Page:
1.       There are so many innovative and amazing projects involving mobile devices and digital content going on all around the globe.  With this week’s focus on women and girls, the projects are even more interesting for their emphasis on female empowerment and equity of opportunity.  I am also so impressed with the passion of the project leaders – whether that is a nonprofit/NGO, a government agency, an affiliate of the United Nations, or a company – everyone is excited and eager to share their story, what they have learned from their projects, and ask for help where needed.  The spirit of partnership development is alive and well here.  However, just as we see in the US conferences, too many projects are still “campfires of innovation” without any real plans or processes in place to scale, replicate or sustain their efforts.  Scaling projects is tough work – and often takes a different set of skills than project implementation.  I learned that this challenge is truly a universal one and that is actually good news. It means that there is a unique opportunity to share ideas and strategies beyond borders – and with a greater number of participants.  Two (or two million) brains are better than one on these types of challenges!
2.       Cherie Blair of the Cherie Blair Foundation forWomen was a speaker at today’s Symposium. Her foundation is doing important work supporting women’s education especially in terms of driving self-sufficiency and economic development.  They are a high impact nonprofit organization that has focused on collaborative projects to extend their impact – smart.  I was especially impressed with how they are engaging with technology to support their mission.  Mrs. Blair gave several examples of using mobile devices and blended learning help women develop the skills they need to be successful entrepreneurs in Africa.  My takeaway from her talk was some new ideas around how digital tools such as mobile devices can not only extend learning for students, but can be employed to support life-long, life-wide, life-deep learning in all kinds of communities, with all kinds of different goals.  In that sense, mobile provides a way for the learning to come directly to the learner.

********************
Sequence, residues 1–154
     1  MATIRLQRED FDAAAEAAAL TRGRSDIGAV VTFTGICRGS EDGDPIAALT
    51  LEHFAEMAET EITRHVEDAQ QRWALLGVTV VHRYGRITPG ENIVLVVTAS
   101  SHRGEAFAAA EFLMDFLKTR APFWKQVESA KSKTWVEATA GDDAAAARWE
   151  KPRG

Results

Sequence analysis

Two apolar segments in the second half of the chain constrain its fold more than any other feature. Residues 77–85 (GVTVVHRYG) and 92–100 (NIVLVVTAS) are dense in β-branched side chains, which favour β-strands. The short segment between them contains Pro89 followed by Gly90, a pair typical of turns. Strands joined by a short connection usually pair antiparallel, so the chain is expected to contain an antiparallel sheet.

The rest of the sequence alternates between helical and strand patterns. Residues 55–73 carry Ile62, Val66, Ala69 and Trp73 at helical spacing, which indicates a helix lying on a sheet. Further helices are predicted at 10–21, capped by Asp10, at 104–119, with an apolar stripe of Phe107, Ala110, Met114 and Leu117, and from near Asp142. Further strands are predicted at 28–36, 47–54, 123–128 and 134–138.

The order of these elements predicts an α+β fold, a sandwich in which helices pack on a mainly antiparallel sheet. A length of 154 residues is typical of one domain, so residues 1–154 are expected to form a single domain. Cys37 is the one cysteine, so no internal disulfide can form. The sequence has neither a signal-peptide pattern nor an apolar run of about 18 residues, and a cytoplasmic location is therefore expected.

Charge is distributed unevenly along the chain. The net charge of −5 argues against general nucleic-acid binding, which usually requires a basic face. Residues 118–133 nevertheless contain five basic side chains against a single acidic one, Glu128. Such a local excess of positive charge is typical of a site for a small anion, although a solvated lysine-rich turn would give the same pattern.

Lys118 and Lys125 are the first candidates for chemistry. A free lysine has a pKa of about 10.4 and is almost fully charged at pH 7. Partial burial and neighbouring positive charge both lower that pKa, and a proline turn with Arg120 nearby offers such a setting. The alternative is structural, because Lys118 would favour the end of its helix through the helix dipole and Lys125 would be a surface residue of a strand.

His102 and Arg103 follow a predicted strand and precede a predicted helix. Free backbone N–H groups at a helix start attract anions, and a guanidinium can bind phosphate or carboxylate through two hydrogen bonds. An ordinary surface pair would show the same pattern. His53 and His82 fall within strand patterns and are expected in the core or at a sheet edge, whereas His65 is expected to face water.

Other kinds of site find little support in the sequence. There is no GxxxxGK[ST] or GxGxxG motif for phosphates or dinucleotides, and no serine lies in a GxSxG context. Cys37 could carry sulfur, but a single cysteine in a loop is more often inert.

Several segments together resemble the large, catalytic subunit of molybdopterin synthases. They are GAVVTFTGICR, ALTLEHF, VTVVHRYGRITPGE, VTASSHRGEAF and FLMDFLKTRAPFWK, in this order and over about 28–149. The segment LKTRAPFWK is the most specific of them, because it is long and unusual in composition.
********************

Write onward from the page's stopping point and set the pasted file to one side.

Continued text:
3.       One of the day’s high profile panels was about providing equitable access to women and girls and thus, equalizing opportunity. The panel was top notch and included speakers from Intel, the Wikipedia Foundation and Mozilla amongst others.  All women, all passionate about equity, opportunity and the future.  I was especially impressed with Doreen Bogdan, who is the Chief of Strategic Planning and Membership for ITU, the International Telecommunications Union, a specialized agency with the United Nations.  The mission of this agency is to connect the world – simple task.  Her remarks focused on the need to connect more girls to technology careers and she shared some startling statistics on the decrease over the last few years in women’s interest in STEM careers.  We have tracked through the Speak Up data the lack of any real movement in terms of increasing girls’ interest in STEM fields, but the idea that we are slipping backwards was frightening.  ITU supports an interesting initiative called “Girls in ICT Day” which is a global event to shine a light on technology career opportunities for girls and women.  This year the event will be held on April 23.  As someone who has spent a career in the technology field, this hits home to me.  Check this out – and let me know how you think we can work together on this with your organization, school or district.
Wednesday is the second day of the two day Mobile Learning Symposium.  The Symposium includes inspiring keynotes and plenary sessions – and a myriad of small, Tedtalk like sessions on all kinds of topics related to girls, women and mobile learning.  Another full day of learning!  Be part of the experience by following me on Twitter (@JulieEvans_PT).  I can’t wait to share with you tomorrow my insights from this event (and the people I am meeting) in our Memo #3 from Mobile Learning Week 2015!

Memo #1 from Mobile Learning Week 2015

Paris, France
February 23, 2015